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APUSH Chapter 8 terms

Business Cycle
Business cycles are the periodic expansions and contractions of production and employment that occur in a market economy. Business cycles first occurred in America in 1819 with just $45 million in circulation. Economic.
Letters from an American Farmer
The Letters from an American Farmer was an essay written by Hector St. Jean de Crèvecœur. This French-born essayist wrote that European society was composed of “great lords who posses everything, and a herd of people who have nothing.” America, on the other hand, had “no aristocratically families, no courts, no kings, no bishops.” Cultural.
Commonwealth System
The Commonwealth System was a broad system of state mercantilism. This system included legislative support for road and canal companies and grants of limited liability to help businesses start up. Economic.
Republican Motherhood
The Republican Motherhood was a concept that urged Americans to dismiss the public roles for women, such as voting and holding office, but to give the the bigger responsibility of caring to the future generation. Cultural.
Parson Mason Weems
Parson Mason Weems wrote a textbook called “The Life of George Washington”. This textbook praised honesty and hard work. It also condemned laziness, drinking, and gambling. Cultural.
Noah Webster
Noah Webster believed eduction should develop the American intellect. His “Dissertation on the English Language” helped define words according to America usage. DICTIONARY DUDE WOO! Cultural.
Washington Irving
Washington Irving was an elite-minded Federalist who wrote essays and histories, including Rip Van Winkle and the Legend of Sleepy Hollow. Both of Irving’s writings sold well in America and around the world. Irving moved to Europe as he was impatient with the slow American literary development. Cultural.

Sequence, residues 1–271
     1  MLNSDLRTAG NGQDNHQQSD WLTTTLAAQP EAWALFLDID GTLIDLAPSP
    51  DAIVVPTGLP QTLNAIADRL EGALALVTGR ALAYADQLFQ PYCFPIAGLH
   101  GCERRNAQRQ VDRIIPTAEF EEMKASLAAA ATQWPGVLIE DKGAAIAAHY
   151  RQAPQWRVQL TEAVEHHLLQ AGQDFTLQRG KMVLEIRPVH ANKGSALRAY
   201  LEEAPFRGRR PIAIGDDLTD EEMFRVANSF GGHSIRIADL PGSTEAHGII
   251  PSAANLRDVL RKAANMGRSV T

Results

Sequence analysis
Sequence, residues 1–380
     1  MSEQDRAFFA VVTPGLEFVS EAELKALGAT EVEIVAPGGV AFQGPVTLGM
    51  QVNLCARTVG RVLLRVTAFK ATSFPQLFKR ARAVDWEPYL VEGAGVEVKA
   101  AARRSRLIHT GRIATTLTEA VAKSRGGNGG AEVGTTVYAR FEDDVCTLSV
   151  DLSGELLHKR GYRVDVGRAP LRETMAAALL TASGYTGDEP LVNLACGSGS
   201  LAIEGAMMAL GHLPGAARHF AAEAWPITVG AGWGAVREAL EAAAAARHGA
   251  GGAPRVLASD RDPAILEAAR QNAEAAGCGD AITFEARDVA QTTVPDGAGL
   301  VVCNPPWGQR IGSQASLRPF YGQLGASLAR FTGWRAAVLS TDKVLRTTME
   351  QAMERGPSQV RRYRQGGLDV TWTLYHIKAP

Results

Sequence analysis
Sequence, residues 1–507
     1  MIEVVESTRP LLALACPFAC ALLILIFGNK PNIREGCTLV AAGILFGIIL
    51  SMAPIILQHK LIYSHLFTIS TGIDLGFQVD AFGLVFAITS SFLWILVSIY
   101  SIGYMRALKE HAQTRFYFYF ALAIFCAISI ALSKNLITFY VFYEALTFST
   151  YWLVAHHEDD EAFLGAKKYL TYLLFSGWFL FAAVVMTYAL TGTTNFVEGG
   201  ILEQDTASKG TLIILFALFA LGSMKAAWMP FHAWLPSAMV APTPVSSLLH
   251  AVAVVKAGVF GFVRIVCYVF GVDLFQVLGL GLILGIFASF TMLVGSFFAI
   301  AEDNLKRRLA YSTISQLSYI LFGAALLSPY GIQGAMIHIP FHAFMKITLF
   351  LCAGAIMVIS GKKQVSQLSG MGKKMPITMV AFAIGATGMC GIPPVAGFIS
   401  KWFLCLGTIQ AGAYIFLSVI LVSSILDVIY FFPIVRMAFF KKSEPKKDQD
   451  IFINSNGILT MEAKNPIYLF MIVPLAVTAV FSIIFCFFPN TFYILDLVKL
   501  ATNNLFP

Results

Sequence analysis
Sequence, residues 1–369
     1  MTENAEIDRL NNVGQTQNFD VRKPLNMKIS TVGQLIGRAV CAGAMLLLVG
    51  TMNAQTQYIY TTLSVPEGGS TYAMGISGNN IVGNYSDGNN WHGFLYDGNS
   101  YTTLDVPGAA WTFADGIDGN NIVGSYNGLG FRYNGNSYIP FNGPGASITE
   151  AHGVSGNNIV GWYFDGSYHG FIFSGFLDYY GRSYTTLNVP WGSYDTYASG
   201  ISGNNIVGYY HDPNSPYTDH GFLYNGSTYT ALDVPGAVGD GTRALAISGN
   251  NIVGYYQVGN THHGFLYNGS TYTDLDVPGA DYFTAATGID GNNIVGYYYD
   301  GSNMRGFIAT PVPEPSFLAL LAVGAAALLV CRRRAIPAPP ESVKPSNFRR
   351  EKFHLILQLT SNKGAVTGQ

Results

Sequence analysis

Blue-Back Speller
The Blue-Back Speller was a compact textbook that Webster published. This textbook gave Americans the start of a common vocabulary and grammar. Webster wanted to spell words like they sounded instead of the traditional English spelling, but his idea was not very popular. Cultural.
The manumission act was an act allowing individual owners to free their slaves. Within a decade, planters had released 10,000 slaves. Cultural.
Missouri Crisis
The Missouri Crisis all started when Missouri applied for admission into the Union in 1819. However, Missouri’s constitution allowed slavery. Congressmen of New York proposed a ban on slaves and gradual emancipation of the slaves. Missouri denied this ban and, as a result, were denied admission to the Union. Political.
Second Great Awakening
The Second Great Awakening was a series of revivals that made the United States a Christian society. The revivals were much broader than the First Great Awakening, and the Methodists and Baptists grew to be the largest denominations. Cultural.
Primogeniture was a system of inheritance. Under this system possession and ownership of land and property was inherited by the eldest son from the father. After the Revolution, however, most states began requiring equal distribution. Cultural.
Republic of Letters